News that Mark Berndt, a teacher at Miramonte Elementary School in Florence-Firestone California, was arrested after allegedly spoon-feeding semen to at least 23 students between 2005 and 2010 has been improbably exacerbated with the arrest of yet another Miramonte teacher on allegations of sexual abuse. Police are holding 49-year-old Martin Bernard Springer — a second grade teacher at Miramonte — in lieu of $2 million bail after two former students accused him of improperly touching them within the last three years. Captain Mike Parker of the Los Angeles County Sheriff's Department has said that the investigation is ongoing and that the girls "were allegedly fondled in the the classroom at the Miramonte school by suspect Springer." They were both only 7-years-old when the abuse allegedly took place.
Springer came to Miramonte in 1986 and, like Berndt, has spent his entire teaching career at the school. Investigators say that the two men were well-acquainted and, on a particularly chilling note, school newsletters show that they took their classes on joint field trips to places like Malibu and Griffith Park. Berndt was pulled from the classroom back in January 2011 after school officials saw the photographs he'd taken of him feeding his semen to students, but he retired before his dismissal by the Board of Education could be affirmed. A year passed before his arrest. Springer was ordered out of the classroom last Thursday morning and reported for work on Friday to an L.A. Unified office where there are no students, which is standard procedure for teachers suspected of wrongdoing.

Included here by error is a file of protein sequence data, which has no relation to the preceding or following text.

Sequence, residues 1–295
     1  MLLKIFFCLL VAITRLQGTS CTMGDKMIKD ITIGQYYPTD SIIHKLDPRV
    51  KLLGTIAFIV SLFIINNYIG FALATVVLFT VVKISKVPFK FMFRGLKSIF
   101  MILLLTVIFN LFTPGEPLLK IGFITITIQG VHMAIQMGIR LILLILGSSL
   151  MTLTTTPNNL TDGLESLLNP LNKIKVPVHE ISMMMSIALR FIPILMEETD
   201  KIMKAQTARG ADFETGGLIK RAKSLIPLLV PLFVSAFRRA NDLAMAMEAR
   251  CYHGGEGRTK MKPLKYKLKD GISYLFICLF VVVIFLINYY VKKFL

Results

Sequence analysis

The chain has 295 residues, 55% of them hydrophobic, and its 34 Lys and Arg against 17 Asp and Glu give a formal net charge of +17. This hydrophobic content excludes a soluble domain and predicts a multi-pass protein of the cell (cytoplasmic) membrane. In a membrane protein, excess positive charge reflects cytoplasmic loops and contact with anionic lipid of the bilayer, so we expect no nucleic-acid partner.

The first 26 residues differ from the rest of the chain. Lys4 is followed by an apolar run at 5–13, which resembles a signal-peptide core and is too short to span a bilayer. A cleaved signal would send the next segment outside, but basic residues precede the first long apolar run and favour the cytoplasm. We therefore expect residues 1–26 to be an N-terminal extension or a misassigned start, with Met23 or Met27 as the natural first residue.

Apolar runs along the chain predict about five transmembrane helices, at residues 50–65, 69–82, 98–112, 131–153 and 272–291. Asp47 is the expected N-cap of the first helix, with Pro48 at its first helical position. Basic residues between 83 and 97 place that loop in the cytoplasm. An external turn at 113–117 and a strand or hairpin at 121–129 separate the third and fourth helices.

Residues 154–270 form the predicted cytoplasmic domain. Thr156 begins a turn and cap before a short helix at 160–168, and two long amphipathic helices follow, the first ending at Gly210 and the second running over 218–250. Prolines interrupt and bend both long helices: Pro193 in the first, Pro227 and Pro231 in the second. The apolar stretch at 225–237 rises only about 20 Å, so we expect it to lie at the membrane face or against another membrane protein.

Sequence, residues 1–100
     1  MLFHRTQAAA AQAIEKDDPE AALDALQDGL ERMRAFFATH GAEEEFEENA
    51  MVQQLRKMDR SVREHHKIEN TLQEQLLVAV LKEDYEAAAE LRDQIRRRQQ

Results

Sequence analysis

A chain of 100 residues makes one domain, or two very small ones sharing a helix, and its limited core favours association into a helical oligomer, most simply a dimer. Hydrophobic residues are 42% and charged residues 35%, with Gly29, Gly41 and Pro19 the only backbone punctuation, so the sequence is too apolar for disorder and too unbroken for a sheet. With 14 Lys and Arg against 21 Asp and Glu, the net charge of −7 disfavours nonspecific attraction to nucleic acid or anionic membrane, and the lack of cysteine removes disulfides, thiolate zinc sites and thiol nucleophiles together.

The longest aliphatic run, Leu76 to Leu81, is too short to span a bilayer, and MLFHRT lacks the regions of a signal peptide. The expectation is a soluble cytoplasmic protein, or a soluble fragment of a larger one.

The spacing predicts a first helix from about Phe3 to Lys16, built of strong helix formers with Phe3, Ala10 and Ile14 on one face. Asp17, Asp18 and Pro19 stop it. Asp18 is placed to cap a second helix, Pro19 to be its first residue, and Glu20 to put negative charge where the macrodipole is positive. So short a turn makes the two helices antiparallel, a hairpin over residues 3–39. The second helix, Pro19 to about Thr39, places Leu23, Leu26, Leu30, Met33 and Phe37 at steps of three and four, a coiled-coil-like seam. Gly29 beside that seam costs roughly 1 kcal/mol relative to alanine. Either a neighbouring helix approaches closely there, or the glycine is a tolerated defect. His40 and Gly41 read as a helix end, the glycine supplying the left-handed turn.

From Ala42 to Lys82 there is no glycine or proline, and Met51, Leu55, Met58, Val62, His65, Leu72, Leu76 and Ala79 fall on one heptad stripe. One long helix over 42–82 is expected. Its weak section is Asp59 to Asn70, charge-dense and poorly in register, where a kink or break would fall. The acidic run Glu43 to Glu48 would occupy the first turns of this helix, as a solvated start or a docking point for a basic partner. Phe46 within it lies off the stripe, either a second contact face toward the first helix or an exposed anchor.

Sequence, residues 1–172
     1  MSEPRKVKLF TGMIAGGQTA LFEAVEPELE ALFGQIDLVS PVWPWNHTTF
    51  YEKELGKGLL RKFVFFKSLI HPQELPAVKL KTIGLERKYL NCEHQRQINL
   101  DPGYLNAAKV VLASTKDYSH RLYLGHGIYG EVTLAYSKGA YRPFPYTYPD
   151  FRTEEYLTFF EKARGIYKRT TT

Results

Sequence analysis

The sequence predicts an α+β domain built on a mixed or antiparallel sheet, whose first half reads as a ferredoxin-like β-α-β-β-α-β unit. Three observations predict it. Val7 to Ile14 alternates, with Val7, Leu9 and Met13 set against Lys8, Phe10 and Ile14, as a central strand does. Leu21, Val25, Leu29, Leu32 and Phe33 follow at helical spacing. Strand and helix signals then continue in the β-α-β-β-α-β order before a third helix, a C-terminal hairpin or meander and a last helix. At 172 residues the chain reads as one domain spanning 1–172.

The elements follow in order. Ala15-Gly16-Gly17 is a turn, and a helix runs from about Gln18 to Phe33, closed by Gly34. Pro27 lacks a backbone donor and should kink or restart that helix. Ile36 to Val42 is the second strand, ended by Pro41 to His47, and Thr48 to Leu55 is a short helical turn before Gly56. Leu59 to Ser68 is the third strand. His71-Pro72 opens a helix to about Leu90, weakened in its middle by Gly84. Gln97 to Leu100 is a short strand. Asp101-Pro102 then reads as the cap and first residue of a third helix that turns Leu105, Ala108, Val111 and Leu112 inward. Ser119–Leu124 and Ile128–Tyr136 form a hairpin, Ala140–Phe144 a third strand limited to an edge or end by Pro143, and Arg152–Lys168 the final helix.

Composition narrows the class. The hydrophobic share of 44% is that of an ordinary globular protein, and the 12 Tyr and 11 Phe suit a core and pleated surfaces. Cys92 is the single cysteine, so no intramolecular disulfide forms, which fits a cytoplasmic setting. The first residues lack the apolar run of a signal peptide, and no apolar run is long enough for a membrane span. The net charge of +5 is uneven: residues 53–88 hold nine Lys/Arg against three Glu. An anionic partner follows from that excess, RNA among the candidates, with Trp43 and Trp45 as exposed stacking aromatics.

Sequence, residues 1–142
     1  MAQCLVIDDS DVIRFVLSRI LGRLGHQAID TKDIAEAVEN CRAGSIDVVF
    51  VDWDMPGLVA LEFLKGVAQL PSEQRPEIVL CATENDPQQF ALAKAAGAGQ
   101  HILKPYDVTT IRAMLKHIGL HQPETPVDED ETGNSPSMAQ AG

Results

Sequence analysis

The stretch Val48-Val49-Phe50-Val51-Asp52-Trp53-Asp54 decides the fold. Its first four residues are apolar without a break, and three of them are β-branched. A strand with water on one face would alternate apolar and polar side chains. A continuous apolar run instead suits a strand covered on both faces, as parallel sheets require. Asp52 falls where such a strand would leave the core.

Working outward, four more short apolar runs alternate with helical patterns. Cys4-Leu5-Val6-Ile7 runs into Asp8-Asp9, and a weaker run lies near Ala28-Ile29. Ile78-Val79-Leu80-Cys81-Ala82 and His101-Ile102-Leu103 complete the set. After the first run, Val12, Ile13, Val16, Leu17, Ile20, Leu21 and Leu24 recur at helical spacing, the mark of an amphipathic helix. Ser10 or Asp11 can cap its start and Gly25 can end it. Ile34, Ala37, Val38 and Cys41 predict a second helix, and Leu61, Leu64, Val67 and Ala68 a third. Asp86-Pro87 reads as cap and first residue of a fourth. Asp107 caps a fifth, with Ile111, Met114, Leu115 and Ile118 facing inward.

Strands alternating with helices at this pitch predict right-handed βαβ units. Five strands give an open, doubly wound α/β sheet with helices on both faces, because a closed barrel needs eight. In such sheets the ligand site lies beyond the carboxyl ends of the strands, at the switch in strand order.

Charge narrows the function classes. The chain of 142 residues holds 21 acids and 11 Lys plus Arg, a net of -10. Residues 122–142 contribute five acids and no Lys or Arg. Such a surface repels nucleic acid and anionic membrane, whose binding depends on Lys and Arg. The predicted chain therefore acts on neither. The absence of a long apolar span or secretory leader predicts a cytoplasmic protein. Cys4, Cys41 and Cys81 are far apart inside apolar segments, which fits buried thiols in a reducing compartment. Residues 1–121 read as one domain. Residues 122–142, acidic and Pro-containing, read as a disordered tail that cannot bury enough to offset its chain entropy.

As bad as these new allegations are, there might still be more to come for Miramonte. Superintendent John Deasy said that he wants to fire Springer as soon as Tuesday, when the Board of Education will discuss the case in a closed session, and that he'll also urge the Board to fire Miramonte music teacher Vance Miller after two former students (now adults) have come forward with allegations that Miller had sexual relationships with them when they attended the school. Deasy expressed his frustration with a slow-moving system in which firing teachers accused of such grievous misconduct can be an arduous process. He added, however, that though he's "appalled" by the allegations of sexual abuse,
we must never lose sight of the fact that the great majority of the teachers in this district are caring, nurturing and understanding toward their students.
That majority of "good" teachers," though, may ultimately suffer the collateral damage caused by a growing public outrage with a system that seems powerless to protect children from sexual predators and assures that even a teacher who exploited his position of authority, like Berndt is accused of doing, will retain his lifetime health benefits from L.A. Unified and a pension of $4,000 a month.